Majed al-Muhammad, the commander of a Syrian antigovernment fighting group, slammed his hand on his desk. "Doesn't America have satellites?" he asked, almost shouting. "Can't it see what is happening?"
A retired Syrian Army medic, Mr. Muhammad had reached the rank of sergeant major in the military he now fights against. He said he had never been a member of a party, and loathed jihadists and terrorists.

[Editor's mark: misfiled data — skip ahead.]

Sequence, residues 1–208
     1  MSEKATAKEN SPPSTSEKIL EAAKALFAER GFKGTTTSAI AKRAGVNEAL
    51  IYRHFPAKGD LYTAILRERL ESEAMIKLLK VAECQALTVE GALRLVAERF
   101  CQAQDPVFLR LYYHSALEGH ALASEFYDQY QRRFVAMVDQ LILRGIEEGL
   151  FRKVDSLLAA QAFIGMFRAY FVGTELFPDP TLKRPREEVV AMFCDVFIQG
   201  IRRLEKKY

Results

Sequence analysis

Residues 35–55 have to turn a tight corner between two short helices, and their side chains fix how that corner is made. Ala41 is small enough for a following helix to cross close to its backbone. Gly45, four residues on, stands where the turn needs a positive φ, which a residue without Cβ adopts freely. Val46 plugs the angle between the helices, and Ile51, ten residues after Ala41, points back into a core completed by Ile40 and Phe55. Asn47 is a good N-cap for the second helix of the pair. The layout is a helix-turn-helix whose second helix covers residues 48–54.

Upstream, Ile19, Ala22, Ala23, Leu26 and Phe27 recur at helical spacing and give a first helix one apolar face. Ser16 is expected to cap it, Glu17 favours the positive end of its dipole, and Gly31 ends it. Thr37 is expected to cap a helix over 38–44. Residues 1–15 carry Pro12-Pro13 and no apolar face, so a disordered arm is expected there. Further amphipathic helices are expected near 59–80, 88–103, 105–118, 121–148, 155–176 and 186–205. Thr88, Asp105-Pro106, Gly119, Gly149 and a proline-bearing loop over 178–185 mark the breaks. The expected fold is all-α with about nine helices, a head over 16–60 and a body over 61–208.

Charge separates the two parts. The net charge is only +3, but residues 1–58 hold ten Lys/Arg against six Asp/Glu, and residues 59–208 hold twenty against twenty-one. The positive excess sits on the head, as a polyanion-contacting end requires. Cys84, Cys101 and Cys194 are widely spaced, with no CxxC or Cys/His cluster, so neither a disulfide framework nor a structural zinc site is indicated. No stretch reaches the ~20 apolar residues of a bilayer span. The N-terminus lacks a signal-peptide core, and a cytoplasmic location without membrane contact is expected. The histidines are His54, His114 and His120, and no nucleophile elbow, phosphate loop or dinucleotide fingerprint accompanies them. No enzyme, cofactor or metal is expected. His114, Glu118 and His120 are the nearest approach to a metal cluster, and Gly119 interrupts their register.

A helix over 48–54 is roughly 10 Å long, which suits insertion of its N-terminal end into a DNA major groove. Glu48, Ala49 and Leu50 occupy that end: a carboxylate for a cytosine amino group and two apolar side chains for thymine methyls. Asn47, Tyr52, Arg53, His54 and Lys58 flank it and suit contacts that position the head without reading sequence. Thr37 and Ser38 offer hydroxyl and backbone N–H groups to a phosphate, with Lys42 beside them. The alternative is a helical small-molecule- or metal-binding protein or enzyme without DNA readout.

But he offered a warning to the West now commonly heard among fighters seeking the overthrow of President Bashar al-Assad: The Syrian people are being radicalized by a combination of a grinding conflict and their belief that they have been abandoned by a watching world.